I've kept the blog free of advertising. I did recently toy with the idea of selling some select text links via Adbrite, but I gave up on that after offers seemed to be less than ideally-suited for my audience. Originally, there was a Chikita mini-mall and the ubiquitous Adsense blocks. I killed those. I didn't do that out of some desire to keep the blogosphere "pure." I removed them because I didn't like the idea of getting paid a nickel to have someone leave my site to check out the competition. I didn't want to serve as a billboard for other writers.

So, I'm hellbent on keeping potential customers here because I want them to hire me to handle their writing projects. That makes sense from a business standpoint, at least at face value. Simultaneously, though, I think there is a substantive non-business value to pointing out other blogs/sites that offer something unique, even though they may be my competition...

Sticky situation.

I could just highlight sites that I felt offered value to the reader but that didn't directly compete with me. For instance, I could write a glowing review of J. Bailey's Plagiarism Today, which is a great resource for anyone with an interest in online copyright and plagiarism issues. In fact, I did write a little blurb for it once...

Really, though, this blog is for writers with an interest in writing for the net and for webmasters and others who have online content and copywriting needs. If I want to maximize the value of their experience, I am going to have to spill the beans and concede that I have some smart, entertaining and talented competitors out there. Not only do I have to admit that, I have to start sending my readers and potential customers to see them.

I just noticed how long this post is getting. I know Saturdays are my "rambling" day, but I will try to get to the point...

After some consideration, I've decided to value collegiality over competition. I've decided to provide value at the risk of letting people escape my clutches. I think the pros of occasional feature pieces like the ones found at Writing Spark and elsewhere outweigh the cons of sending my potential clients off to look at someone else's material.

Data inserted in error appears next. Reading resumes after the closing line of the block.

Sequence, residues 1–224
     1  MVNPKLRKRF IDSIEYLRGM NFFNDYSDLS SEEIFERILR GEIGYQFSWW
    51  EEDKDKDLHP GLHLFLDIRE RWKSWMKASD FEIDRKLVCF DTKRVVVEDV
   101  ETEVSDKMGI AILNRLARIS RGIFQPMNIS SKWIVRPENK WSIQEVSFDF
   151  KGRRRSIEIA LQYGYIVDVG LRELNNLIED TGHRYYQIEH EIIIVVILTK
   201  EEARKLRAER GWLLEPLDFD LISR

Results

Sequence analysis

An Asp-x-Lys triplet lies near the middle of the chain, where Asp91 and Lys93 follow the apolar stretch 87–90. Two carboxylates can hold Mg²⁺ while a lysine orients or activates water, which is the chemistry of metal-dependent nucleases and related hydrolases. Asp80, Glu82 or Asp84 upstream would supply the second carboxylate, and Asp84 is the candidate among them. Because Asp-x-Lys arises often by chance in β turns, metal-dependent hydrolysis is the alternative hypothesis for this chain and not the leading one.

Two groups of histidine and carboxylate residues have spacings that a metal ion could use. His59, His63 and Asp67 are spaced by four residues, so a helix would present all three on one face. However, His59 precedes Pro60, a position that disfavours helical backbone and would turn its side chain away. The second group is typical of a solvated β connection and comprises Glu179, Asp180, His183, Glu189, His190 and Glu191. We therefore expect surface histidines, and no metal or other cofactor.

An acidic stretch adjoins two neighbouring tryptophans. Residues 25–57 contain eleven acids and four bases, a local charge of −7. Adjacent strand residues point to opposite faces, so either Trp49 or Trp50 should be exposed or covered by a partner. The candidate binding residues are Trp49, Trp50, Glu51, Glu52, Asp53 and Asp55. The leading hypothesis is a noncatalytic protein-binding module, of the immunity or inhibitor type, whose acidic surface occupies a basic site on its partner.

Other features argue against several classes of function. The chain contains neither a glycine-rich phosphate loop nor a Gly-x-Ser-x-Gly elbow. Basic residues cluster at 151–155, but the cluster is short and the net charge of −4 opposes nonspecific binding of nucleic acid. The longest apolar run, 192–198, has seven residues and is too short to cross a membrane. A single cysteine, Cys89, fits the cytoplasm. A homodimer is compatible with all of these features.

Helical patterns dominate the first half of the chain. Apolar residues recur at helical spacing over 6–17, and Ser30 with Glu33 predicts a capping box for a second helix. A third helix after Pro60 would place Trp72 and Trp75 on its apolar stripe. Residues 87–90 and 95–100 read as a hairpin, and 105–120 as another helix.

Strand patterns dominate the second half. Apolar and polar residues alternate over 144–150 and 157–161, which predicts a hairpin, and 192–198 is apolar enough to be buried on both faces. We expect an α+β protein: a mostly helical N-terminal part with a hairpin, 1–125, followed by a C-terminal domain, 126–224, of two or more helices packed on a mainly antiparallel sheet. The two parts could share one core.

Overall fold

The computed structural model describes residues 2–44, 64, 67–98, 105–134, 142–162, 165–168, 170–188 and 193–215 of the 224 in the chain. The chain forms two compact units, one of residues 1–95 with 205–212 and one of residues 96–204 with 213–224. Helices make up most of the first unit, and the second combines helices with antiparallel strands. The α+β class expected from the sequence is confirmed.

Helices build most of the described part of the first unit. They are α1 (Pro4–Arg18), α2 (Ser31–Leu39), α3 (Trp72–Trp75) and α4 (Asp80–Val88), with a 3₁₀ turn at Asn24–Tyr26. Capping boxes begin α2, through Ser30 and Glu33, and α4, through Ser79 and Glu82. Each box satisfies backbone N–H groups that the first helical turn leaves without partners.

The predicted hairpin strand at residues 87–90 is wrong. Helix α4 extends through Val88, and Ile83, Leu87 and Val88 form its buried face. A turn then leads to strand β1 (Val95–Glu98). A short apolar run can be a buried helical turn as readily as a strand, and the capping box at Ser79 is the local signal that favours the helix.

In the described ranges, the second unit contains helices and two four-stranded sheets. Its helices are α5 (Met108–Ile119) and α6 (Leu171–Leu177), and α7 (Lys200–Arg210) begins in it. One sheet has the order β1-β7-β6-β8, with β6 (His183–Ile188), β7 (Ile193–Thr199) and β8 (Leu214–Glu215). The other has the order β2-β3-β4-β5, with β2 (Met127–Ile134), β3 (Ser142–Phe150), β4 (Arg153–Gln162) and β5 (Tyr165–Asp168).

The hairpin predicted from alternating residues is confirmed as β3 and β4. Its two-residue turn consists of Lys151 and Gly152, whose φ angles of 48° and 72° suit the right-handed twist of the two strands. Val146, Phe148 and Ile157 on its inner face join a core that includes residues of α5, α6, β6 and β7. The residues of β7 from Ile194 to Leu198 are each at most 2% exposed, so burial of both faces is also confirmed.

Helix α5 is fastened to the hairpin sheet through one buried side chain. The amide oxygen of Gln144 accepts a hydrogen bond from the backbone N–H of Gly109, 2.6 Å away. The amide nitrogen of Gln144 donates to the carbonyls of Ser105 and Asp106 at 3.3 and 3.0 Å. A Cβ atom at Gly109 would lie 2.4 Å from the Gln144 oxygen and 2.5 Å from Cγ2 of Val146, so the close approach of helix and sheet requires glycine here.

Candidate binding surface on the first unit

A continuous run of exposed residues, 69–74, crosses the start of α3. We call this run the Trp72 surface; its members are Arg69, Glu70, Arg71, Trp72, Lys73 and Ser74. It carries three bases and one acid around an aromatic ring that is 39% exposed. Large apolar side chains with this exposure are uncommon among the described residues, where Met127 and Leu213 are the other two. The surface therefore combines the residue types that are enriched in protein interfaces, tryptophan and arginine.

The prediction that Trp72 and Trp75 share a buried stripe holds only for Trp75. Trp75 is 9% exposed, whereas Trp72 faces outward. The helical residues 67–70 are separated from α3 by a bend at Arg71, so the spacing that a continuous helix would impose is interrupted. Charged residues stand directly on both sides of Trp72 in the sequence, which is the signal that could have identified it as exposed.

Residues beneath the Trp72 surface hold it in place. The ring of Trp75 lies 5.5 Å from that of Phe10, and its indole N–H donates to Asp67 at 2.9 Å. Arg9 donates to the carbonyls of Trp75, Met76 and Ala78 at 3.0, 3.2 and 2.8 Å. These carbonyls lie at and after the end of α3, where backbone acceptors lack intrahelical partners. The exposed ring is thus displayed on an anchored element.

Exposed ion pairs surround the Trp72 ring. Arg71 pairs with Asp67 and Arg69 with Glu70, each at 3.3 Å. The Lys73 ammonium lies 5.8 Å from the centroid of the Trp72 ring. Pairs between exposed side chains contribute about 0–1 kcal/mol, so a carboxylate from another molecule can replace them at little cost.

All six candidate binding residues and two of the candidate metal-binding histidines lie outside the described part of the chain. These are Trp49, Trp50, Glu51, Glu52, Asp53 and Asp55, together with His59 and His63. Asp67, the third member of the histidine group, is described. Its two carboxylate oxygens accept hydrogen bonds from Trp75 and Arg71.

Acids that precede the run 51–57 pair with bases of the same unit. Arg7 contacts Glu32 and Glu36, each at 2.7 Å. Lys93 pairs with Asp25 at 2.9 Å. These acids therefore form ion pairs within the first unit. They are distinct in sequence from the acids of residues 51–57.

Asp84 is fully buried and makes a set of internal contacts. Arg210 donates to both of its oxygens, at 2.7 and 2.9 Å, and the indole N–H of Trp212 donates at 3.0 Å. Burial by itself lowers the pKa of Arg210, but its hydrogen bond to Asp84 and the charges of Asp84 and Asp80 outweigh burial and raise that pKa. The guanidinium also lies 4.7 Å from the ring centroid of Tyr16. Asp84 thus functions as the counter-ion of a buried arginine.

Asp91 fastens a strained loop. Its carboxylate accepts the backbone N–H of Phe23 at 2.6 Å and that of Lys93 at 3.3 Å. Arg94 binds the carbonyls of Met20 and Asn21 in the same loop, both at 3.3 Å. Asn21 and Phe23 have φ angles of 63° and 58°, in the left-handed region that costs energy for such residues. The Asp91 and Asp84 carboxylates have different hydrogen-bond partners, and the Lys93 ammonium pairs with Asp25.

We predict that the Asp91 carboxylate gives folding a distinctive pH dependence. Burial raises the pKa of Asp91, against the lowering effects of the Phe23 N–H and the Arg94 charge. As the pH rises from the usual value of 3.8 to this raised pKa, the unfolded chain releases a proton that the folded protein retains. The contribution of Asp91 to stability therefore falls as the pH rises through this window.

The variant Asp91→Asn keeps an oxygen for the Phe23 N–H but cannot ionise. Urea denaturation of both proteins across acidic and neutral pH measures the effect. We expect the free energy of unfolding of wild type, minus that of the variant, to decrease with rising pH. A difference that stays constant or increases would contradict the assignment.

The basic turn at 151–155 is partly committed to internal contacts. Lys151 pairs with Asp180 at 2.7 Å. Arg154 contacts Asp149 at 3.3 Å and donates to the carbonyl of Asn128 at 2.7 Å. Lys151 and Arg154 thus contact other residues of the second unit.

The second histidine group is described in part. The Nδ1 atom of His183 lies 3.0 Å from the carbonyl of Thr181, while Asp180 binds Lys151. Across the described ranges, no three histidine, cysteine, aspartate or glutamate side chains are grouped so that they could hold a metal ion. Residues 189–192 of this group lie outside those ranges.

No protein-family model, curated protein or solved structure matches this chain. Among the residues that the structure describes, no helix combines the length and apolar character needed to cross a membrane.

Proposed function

However, that is not a purely altruistic decision. Not even close. It's my hope that providing that information will actually be a net marketing benefit to this blog.

It should communicate my own sense of security in the quality of my work and abilities. If I am not afraid to tell a prospective client that the competition has something to offer, that should let that reader know that I'm willing to bet he or she will still (eventually) come back here.

I'm also gambling that most people who receive the "feature treatment" will probably mention it in their own blogs both as a bit of friendly quid quo pro and as a means of maximizing the value of the write-up for themselves. Thus, the traffic and linking will be flowing in both directions.

It should also make this blog a little more interesting, inspiring repeat visitors, etc.

I also like the idea of contributing to developing a sense of community among writers even when/if we are competitors in the marketplace.

Oh, I also have this whole notion that information exchange of this sort is an inherent good, but this has gone on long enough...

Okay, that's my long explanation of the reason for the planned addition of Saturday Profiles to the Content Done Better Blog.